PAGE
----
From short-term RAHC placements to a full-time role in the NT-Dental Therapist, Natalie Bright shares her story
Victorian dental therapist Natalie Bright is enjoying a 12-month contract with the Northern Territory Department of Health (NT DoH) after completing two three-week placements with the Australian Government-funded Remote Area Health Corps (RAHC).
RAHC offers short-term paid placements to urban-based health professionals to support the hard working permanent health workforce in remote Indigenous communities across the Northern Territory.
Natalie, 48, is working for the NT DoH’s Central Australian Health Service in Alice Springs and with school-based clinics, which will also see her travel to remote communities.
“When the job came up that was definitely part of the attraction for me, to continue with remote-area work, because I’ve enjoyed my other RAHC placements,” she said.
“I like the combination and variety of working in Alice Springs and the potential of going to very remote places as well.”
Natalie grew up in Warragul and graduated in 2003 from the University of Melbourne. She was formerly employed at Latrobe Community Health Service in Moe and Morwell.
RAHC was designed to increase the pool of urban-based health professionals available for work in Indigenous communities by attracting, recruiting and orienting them. Ongoing support and training is provided to assist with the transition to remote practice.
Natalie said the application process involved providing references and credentials, and undergoing background checks.
“It’s a rigorous process, but it’s important to make sure that people are skilled and appropriate for the placements,” she said.
Natalie encouraged people with similar backgrounds to “give it a go” but said they needed the right motivation.
“It’s a chance to experience something you would never do in a town or city,” she said.
“It’s not just the dental side but the whole cultural aspect, getting to know a little about Indigenous people and the challenges they face. Just go for it.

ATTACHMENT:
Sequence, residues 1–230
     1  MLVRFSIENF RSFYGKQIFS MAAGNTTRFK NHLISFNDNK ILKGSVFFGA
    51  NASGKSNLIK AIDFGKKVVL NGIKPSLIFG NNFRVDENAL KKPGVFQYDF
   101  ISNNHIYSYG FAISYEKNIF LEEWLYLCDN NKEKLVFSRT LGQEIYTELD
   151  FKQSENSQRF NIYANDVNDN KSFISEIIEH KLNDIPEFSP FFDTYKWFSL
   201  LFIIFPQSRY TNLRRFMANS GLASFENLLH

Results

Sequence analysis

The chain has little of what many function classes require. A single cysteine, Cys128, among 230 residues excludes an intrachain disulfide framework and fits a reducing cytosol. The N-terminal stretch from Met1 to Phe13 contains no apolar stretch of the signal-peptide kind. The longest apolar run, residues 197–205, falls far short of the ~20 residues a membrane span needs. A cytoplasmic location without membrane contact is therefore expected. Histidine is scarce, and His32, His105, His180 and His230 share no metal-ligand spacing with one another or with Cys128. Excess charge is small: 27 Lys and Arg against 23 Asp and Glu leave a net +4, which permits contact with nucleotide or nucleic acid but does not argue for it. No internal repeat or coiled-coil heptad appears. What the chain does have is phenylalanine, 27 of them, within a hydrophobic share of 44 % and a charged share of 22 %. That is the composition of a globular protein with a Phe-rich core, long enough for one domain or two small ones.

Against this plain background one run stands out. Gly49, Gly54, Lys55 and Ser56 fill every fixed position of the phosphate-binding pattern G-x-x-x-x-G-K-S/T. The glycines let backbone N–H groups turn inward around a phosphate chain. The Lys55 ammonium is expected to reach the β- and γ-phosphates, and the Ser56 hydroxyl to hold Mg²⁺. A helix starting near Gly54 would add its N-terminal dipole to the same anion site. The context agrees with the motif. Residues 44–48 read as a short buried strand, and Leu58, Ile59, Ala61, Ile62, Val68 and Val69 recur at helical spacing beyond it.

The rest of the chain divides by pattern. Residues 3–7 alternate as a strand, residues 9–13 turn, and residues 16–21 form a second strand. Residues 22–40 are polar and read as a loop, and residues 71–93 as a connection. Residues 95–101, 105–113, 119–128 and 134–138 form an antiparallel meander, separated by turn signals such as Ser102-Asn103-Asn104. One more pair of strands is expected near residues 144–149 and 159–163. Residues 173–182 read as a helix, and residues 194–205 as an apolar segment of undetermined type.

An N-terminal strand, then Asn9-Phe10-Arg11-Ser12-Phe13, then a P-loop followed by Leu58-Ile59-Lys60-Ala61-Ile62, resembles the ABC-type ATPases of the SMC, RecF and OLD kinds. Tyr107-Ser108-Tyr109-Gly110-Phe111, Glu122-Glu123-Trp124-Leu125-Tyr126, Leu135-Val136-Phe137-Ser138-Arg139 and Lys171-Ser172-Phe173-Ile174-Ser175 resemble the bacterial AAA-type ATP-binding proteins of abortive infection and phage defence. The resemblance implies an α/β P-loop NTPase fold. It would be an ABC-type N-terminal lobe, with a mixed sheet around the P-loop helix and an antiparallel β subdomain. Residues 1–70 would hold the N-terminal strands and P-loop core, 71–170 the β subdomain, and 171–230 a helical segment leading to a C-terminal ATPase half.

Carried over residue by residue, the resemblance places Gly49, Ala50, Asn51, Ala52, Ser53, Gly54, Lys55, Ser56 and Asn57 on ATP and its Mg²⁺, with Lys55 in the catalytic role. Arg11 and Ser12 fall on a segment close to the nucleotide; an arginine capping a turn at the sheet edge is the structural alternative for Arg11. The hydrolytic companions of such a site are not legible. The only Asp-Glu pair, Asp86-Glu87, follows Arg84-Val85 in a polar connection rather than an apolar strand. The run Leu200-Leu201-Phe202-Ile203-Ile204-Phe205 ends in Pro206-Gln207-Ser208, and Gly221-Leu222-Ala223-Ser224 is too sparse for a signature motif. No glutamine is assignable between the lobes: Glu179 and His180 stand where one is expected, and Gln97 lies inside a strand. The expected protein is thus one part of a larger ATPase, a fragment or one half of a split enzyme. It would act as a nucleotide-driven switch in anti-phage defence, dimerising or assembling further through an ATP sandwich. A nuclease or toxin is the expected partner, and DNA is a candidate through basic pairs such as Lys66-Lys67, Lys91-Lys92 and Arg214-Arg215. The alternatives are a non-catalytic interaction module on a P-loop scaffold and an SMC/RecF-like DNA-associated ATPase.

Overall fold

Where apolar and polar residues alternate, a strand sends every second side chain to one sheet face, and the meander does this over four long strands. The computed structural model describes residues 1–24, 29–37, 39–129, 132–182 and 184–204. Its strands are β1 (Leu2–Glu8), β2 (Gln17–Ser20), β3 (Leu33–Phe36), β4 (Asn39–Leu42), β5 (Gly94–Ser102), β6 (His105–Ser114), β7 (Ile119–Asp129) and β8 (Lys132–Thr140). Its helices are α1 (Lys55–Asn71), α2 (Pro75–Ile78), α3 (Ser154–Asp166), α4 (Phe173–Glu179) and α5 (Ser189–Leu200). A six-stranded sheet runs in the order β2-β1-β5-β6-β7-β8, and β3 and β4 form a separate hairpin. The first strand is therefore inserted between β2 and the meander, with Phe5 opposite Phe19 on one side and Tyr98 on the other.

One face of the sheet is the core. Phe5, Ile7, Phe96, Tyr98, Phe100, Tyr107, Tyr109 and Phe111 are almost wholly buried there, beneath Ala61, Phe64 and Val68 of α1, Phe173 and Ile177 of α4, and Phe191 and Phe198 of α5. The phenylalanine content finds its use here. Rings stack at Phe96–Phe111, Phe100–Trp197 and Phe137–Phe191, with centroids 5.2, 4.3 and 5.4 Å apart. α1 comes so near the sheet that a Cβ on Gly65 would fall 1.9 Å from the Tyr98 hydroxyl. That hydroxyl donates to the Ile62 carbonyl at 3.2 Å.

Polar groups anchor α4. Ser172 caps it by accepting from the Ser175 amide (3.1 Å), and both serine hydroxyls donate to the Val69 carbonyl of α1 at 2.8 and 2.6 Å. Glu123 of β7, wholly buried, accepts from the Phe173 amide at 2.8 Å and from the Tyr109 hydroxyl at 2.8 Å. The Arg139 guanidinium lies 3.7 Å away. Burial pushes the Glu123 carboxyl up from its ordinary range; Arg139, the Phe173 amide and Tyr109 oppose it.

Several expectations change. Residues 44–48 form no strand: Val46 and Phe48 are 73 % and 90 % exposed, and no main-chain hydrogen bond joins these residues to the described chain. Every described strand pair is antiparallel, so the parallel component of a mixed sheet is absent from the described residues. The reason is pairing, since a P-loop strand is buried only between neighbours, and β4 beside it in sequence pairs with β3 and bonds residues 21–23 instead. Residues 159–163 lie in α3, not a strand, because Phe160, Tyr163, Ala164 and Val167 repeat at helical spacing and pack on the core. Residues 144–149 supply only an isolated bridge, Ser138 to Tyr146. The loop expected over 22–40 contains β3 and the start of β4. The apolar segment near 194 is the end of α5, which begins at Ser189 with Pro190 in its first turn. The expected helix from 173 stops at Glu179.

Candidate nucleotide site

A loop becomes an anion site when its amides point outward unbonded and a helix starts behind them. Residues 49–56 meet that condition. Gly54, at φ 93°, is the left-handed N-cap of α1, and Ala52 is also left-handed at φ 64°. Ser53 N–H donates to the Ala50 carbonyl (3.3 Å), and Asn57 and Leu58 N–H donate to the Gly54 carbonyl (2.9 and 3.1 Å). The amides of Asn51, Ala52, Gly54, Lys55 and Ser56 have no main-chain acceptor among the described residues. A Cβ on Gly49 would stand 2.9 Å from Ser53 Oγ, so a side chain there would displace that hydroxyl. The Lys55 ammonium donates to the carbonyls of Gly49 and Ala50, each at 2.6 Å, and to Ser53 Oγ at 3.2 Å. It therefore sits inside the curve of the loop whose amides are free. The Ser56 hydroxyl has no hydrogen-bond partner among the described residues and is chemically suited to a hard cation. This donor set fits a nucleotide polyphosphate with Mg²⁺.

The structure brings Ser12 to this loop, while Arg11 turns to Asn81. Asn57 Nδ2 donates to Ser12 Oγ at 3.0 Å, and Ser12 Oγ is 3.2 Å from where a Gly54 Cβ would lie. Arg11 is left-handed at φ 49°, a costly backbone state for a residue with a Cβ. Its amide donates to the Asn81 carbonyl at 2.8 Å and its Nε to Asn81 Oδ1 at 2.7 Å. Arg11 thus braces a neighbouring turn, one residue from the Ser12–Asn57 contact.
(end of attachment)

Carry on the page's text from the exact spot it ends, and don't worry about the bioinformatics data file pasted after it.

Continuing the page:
“There are no luxuries; it’s hot and dusty, so it’s not for everyone. There’s not much to do in communities either, so you need to keep yourself entertained, and you need to be culturally sensitive.
“I have worked in private practice as well, but feel my skills are needed more in the public sector, working with disadvantaged communities.”
Natalie’s first placement with RAHC was at Maningrida in Arnhem Land, 500km east of Darwin, population 2,000.
“I absolutely loved it. I was so nervous going up; I didn’t know what to expect, whether I’d be any good, would I fit in, I was ridiculously anxious,” she said.
“When I got there I couldn’t believe I was so fortunate to be doing a placement somewhere that most non-Aboriginal Australians will never see and getting paid for the privilege. It just blew me away, I really enjoyed it.”
Natalie said the accommodation was in motel style, single rooms with a communal kitchen to share.
“That’s great because you get to meet other service providers and connect with them,” she said.
The experience boosted her confidence and she couldn’t wait to go back.
Her second placement with RAHC was at Ramingining in February for three weeks. The community of 800 people is 560km east of Darwin.
First impressions included a dose of culture shock.
“I couldn’t get over the isolation; even the airport is just a single shed,” she said.
“It’s hard to describe how different it is. I just felt very fortunate to be there.
“The people were lovely, very nice. Communication can be difficult, but there’s usually someone in the clinic who can help with language and I tried to learn a few local words for things like water.”
Alice Springs is a modern, attractive regional centre in a stunning, ancient landscape.
“The town has a very laid-back vibe, I really like it,” Natalie said.
“I don’t have a job to go back to in Victoria; I hope the job might be extended up here, or I might go back to RAHC for placements until I find something.
“If I do return to Victoria I hope to continue with RAHC placements. My former boss was very good and allowed me to take leave without pay when I needed it.”
Natalie said that working with more complex dental issues had strengthened her skills.
“There are lots of younger kids with decayed front teeth; some of them need a huge amount of treatment,” she said.
“Soft drinks in communities are common and we see many kids with holes in their front teeth.
“Generally the oral hygiene isn’t that great. It’s disappointing, but in the context of other issues they have in communities, dental can be low on the priorities.
“You have to think about the context. If I’m seeing a kid now there might not be a dental team out for another few months so you think about what can be done with that child immediately so they will be okay until the next team comes through.”